The Closer: Octavio Dotel
He became the front-runner for the job once he signed his free agent contract, but he is far from a lock to maintain it all year long. In fact, it is arguable that he is even the best man for the job.
Dotel pitched for three different teams in 2010 (Pirates, Dodgers & Rockies), compiling a 4.08 ERA and 1.31 WHIP. He certainly still is a strikeout artist, posting a strikeout rate of at least 10.55 each of the past four seasons. However his fastball, which is a pitch he throws over 80% of the time, has been losing a little bit of zip in recent years:
- 2007 – 93.5 mph
- 2008 – 92.5 mph
- 2009 – 92.6 mph
- 2010 – 91.7 mph
That certainly makes you wonder if he will be able to sustain the lofty strikeout rates or if a regression could be in order.
Another question is his control. He’s never posted good control numbers (career BB/9 of 4.09), but he has been even worse over the past two years with walk rates of 5.20 and 4.50. Throw in his struggles against lefties (they hit .301 against him in 2010 while his strikeout rate was just 7.66 and walk rate was 7.25) and there should be major concerns with his ability to shut down games (in the AL East he’ll have to face batters like Mark Teixeira, David Ortiz, Adrian Gonzalez and others).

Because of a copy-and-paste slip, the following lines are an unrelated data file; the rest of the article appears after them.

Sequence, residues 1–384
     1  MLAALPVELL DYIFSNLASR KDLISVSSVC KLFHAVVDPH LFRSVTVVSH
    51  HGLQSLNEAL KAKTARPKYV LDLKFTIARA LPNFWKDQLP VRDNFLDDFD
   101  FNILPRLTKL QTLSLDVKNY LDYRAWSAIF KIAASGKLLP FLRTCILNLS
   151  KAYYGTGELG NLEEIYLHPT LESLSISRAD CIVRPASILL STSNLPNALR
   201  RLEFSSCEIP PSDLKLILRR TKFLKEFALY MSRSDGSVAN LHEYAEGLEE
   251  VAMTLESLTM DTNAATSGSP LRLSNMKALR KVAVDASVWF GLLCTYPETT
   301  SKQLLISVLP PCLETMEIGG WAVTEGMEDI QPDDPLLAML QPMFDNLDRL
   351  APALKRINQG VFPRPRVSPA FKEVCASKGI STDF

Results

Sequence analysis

The Alternative: Jason Frasor
The last man standing from the 2010 Blue Jays bullpen, he easily could win the job out of Spring Training. He was solid last season, posting a 3.68 ERA and 1.38 WHIP to go with over a strikeout per inning and decent control (3.82 BB/9).
The numbers came courtesy of a .332 BABIP, so there certainly is a lot of room for improvement. The Blue Jays could prefer his more stable performance against righties and lefties (.254/.253), allowing them not to have to play matchups in the ninth inning.
Chances are that he opens the season in a setup role, but will get a look once Dotel struggles.
The Rest: David Purcey, Shawn Camp, Casey Janssen, Jesse Carlson
I have always been a believer in Purcey and he should find a role as the lefty specialist/long man, but he is not going to hold fantasy appeal outside of AL-only leagues. Camp is coming off an impressive 2010 (2.99 ERA, 1.23 WHIP), but he lacks the true blow away closer’s stuff. He posted a 5.72 K/9 and easily could see a regression. Janssen & Carlson are decent middle relievers, but aren’t likely to see late game action.
Those looking to draft a relief pitcher who will not open the season as the closer, though has a good chance to take over should be focusing on Frasor. It appears to be just a matter of time before Dotel hits a rough patch, leading to a change. In fact, it wouldn’t be a complete shock to see Frasor win the job outright, so be sure to monitor the situation throughout Spring Training and early on in 2011.
What are your thoughts of Toronto’s bullpen? Who do you see as the best option to close games? How long do you think it will be until Frasor has the job?
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Make sure to check out our previous Breaking Down The Bullpen columns: